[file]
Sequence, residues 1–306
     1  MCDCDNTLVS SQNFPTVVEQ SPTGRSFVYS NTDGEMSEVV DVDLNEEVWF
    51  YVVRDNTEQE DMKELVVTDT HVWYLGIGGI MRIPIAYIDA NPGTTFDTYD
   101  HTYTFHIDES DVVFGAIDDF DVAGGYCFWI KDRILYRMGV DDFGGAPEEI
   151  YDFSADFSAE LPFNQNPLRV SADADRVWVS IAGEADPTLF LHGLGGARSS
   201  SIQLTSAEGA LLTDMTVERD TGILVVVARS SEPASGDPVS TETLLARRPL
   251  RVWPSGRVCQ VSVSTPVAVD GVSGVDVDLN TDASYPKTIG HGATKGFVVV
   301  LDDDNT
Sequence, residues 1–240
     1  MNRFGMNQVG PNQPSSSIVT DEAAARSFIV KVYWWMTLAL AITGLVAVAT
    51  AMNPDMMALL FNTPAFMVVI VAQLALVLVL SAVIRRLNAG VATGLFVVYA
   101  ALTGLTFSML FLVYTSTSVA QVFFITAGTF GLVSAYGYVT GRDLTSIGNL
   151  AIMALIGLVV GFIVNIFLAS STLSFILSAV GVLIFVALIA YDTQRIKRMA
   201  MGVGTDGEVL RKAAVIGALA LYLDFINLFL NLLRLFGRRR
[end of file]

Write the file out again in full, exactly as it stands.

Sequence, residues 1–306
     1  MCDCDNTLVS SQNFPTVVEQ SPTGRSFVYS NTDGEMSEVV DVDLNEEVWF
    51  YVVRDNTEQE DMKELVVTDT HVWYLGIGGI MRIPIAYIDA NPGTTFDTYD
   101  HTYTFHIDES DVVFGAIDDF DVAGGYCFWI KDRILYRMGV DDFGGAPEEI
   151  YDFSADFSAE LPFNQNPLRV SADADRVWVS IAGEADPTLF LHGLGGARSS
   201  SIQLTSAEGA LLTDMTVERD TGILVVVARS SEPASGDPVS TETLLARRPL
   251  RVWPSGRVCQ VSVSTPVAVD GVSGVDVDLN TDASYPKTIG HGATKGFVVV
   301  LDDDNT
Sequence, residues 1–240
     1  MNRFGMNQVG PNQPSSSIVT DEAAARSFIV KVYWWMTLAL AITGLVAVAT
    51  AMNPDMMALL FNTPAFMVVI VAQLALVLVL SAVIRRLNAG VATGLFVVYA
   101  ALTGLTFSML FLVYTSTSVA QVFFITAGTF GLVSAYGYVT GRDLTSIGNL
   151  AIMALIGLVV GFIVNIFLAS STLSFILSAV GVLIFVALIA YDTQRIKRMA
   201  MGVGTDGEVL RKAAVIGALA LYLDFINLFL NLLRLFGRRR